Fran Cotton and the rest of the 1997 Lions management team sat down with the men in grey suits at the East India Club yesterday to discuss their squad for this summer's tour of South Africa, but thanks to the disinformation concerning the make-up of the party, they might have done better to hold the meeting in John Le Carre's front room.
The Lions' ratification session with the great and good of the Four Home Unions committee was overshadowed by the emergence of an apparent shock horror story in Wales. Ieuan Evans, already a double Lion, was confidently reported to have opted out of the trip - a move that would have denied the selectors an obvious candidate for the captaincy as well as leaving the wing positions even more exposed.
All this was news to Evans. Regardless of the captaincy issue - Martin Johnson, the Leicester and England lock, was hot favourite for the job yesterday despite a glaring lack of leadership experience - Evans pronounced himself fit and eager for one of the biggest challenges of his, or anyone's, career.
Far from losing key members of their party, the Lions were hopeful of adding to it by appointing Dave Alred to the coaching team. Renowned in every corner of the rugby-playing world as the best kicking technician in the business, the former Minnesota Viking from Bristol would be worth his weight in gold to a party seriously deficient in the crucial area of marksmanship.
England chose to ignore his expertise for most of the recent Five Nations campaign and he was called in only on the eve of the final game in Wales. That was still enough time to inspire a world-class kicking performance from Mike Catt.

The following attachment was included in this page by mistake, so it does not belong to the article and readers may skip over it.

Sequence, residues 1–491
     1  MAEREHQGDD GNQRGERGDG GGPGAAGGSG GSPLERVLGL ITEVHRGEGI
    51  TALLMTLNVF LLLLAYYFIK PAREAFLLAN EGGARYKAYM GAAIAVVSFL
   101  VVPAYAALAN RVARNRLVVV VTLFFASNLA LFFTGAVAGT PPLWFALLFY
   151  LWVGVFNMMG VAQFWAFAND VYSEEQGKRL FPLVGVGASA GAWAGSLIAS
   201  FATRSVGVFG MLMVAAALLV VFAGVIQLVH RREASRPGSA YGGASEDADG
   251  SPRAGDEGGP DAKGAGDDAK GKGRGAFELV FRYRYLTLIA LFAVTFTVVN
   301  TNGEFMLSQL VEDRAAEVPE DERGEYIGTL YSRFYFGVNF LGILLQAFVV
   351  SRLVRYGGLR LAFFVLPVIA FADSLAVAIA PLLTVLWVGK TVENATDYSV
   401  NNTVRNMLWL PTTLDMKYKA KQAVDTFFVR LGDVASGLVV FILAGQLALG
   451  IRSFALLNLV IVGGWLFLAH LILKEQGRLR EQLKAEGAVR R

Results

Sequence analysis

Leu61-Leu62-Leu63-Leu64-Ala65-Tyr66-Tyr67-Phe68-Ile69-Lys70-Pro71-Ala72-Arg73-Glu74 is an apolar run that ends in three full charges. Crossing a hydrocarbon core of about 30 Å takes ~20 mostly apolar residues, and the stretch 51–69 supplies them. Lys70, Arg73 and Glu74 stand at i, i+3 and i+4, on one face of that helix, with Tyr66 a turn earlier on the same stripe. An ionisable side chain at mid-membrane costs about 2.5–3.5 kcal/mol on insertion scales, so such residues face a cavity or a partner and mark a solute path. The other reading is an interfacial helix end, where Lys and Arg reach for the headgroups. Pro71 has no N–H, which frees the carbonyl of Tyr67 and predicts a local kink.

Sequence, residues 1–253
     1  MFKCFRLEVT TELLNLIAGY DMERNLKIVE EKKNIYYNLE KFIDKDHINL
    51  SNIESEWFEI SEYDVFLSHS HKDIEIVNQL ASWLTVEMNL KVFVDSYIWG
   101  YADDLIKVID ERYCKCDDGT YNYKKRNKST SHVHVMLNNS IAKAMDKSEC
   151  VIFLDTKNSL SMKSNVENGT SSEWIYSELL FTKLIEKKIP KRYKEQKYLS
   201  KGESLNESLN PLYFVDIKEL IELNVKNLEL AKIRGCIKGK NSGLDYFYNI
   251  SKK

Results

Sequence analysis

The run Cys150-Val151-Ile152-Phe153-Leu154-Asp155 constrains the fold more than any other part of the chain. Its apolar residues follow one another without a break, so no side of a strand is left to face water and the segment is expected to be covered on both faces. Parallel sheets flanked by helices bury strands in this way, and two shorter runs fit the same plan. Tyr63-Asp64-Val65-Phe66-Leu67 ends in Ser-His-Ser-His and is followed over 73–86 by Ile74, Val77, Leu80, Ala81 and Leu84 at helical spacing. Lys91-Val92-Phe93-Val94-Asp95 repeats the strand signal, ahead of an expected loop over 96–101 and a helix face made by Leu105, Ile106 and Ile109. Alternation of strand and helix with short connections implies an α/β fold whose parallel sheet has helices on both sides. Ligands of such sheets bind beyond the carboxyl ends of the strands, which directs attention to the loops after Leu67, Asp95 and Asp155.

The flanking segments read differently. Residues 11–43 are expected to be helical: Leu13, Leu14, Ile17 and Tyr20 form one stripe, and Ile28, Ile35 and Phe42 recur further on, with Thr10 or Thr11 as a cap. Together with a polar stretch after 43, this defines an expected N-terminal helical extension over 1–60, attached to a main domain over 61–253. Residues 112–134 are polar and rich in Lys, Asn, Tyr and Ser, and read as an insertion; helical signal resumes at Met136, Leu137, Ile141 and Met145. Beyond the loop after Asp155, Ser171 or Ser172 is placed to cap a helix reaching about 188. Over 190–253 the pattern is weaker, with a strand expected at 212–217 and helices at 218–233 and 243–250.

That policy cut little ice with Cotton and company, however, and the indications are that Alred could expect to be on the team plane when it leaves for Johannesburg on 17 May.
Other indications suggested the Lions would travel with a nap hand of former rugby league professionals. Four Welshmen who returned at the start of last season - Allan Bateman, Scott Gibbs, David Young and Scott Quinnell - were racing certainties for a place in the party and there was a strong bandwagon for Alan Tait, the Scottish centre, and John Bentley, the Newcastle winger, considered surplus to requirements by England.
There was, though, a degree of concern over another wing contender, Simon Geoghegan of Bath. The Irishman pulled out of his club's important Courage League match at Sale tonight, claiming he was "not ready" for such a tough assignment so soon after recovering from surgery on both big toes - a message that was greeted with some discomfort by the champions, who had to recall England's Jon Sleightholme, a regular fall-guy this season, less than 24 hours after dropping him for Geoghegan.
Selection issues were on the agenda at Leicester, too, in advance of tonight's top-of-the-table confrontation with Wasps at Welford Road - a match prematurely billed as the championship decider. John Wells, the flanker, and Stuart Potter, the centre, will be missing with rib and shoulder injuries respectively and that should mean recalls for Dean Richards and Leon Lloyd. The Tigers have made a third change of their own accord, dropping John Liley and pulling his brother Rob into the squad as a potential replacement.
In Wales, Llanelli were drawn against Cardiff in the semi-final of the Swalec Cup - a fixture guaranteed to sell out Swansea's St Helen's ground. In the other tie, Swansea face Ebbw Vale at the Arms Park. The matches will be played on 12 and 13 April.